2. Delmon Young, of, Devil Rays
3. Brandon Wood, ss, Angels
4. Jay Bruce, of, Reds
5. Cameron Maybin, of, Tigers

1. Philip Hughes, rhp, Yankees
2. Homer Bailey, rhp, Reds
3. Tim Lincecum, rhp, Giants
4. Andrew Miller, lhp, Tigers
5. Yovani Gallardo, rhp, Brewers

Most of those players will become stars in the big leagues before they turn 25. That's why my overall lists contain nary a prospect:

1. Joe Mauer, c, Twins
2. Miguel Cabrera, 3b, Marlins
3. David Wright, 3b, Mets
4. Grady Sizemore, of, Indians
5. Jose Reyes, ss, Mets

1. Felix Hernandez, rhp, Mariners
2. Matt Cain, rhp, Giants
3. Scott Kazmir, lhp, Devil Rays
4. Jeremy Bonderman, rhp, Tigers
5. Justin Verlander, rhp, Tigers

All those prospects in the first lists are can't-miss guys, but it would be very difficult to take any of them over the established major leaguers. I had a hard time not putting Hanley Ramirez on the position-player list, as he had a better year as a rookie than Reyes did as a third-year big leaguer in 2006.

If not for the uncertainty about his future health, Francisco Liriano would have made the list of pitchers. Cole Hamels was another guy who just missed.

    With the Devil Rays having the No. 1 pick in the 2007 draft and all the holes they need to fill at the big league level, which player could they choose who would have the best chance to have an immediate impact in Tampa Bay?

    Steve Stark
    Sarasota, Fla.

Though the Devil Rays are coming off their eighth last-place finish in nine years of existence, they don't have as many holes as you might think. They have the best farm system in baseball. They have more outfielders than they can possibly use, and their infield is starting to get crowded as well.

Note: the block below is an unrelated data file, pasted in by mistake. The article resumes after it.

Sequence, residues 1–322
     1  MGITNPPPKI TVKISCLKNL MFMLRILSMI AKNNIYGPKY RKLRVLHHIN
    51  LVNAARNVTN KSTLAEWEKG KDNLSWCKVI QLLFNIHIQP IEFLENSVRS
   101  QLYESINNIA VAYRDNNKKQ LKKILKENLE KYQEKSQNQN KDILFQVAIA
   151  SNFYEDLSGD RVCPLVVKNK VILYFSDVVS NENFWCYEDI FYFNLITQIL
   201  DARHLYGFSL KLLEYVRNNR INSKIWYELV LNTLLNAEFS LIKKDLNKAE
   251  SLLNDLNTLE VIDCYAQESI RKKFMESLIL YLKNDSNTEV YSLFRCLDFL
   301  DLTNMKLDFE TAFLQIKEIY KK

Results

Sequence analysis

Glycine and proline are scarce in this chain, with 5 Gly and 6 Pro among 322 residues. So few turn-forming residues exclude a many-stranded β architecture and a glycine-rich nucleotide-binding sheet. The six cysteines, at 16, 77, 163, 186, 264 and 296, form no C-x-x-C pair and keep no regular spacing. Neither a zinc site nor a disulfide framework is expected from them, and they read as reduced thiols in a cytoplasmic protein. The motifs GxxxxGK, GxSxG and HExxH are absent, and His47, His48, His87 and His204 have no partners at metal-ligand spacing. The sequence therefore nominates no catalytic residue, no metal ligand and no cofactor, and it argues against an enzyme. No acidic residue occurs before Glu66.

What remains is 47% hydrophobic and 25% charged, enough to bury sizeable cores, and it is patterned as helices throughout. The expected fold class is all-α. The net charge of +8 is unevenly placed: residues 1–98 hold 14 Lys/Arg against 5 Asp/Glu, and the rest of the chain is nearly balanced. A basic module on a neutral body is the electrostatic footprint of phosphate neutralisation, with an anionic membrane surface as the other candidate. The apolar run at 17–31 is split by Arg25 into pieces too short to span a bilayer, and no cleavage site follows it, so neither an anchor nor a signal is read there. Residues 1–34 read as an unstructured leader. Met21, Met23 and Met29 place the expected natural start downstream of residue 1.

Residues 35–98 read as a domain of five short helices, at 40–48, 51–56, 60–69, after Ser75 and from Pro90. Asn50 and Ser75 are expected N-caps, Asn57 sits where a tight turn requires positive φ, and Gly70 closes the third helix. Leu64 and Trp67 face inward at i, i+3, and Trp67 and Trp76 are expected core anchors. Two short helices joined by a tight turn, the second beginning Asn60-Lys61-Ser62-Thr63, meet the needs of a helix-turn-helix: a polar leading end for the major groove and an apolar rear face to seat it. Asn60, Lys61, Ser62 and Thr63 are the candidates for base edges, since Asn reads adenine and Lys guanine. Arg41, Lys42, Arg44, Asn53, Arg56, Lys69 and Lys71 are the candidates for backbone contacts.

Thus, if Tampa Bay is looking for a player who can help quickly (immediately would be pushing it), it's going to probably be looking for a starting pitcher. The Rays have a lot of young arms in their system, but most are at least another year or two away. The best candidates from the 2007 draft would be Vanderbilt lefthander David Price or North Carolina State righty Andrew Brackman. Relievers generally move faster than starters, and there are a lot of college relief aces who could go high in June, but not at No. 1.

From a position standpoint, the player who would be the most attractive to Tampa Bay is Georgia Tech catcher Matt Wieters. Right now, my best guess is that the Rays would take Price.

    What kind of stuff does Yankees lefthander Kei Igawa have and how does it project to the majors? I've heard he has a pretty average fastball that sits in the low 90s, with a heck of a changeup and an average curveball. Are there any current major leaguers that you would compare him to?

    Michael Poliboy
    Stamford, Conn.

Igawa, who didn't sign in time to make our original Yankees Top 10, will rank No. 8 on our Yankees list in the Handbook. Our reports are that he has an 86-91 mph fastball that tops out at 93, along with a hard breaking ball in the upper 70s and a decent changeup. He figures to be New York's No. 4 starter after Randy Johnson's trade.

Igawa sounds similar to a Joe Kennedy or a shorter version of Mark Hendrickson. His stuff isn't overwhelming, but he led Japan's Central League in strikeouts in three of the last five seasons and was the CL MVP in 2003.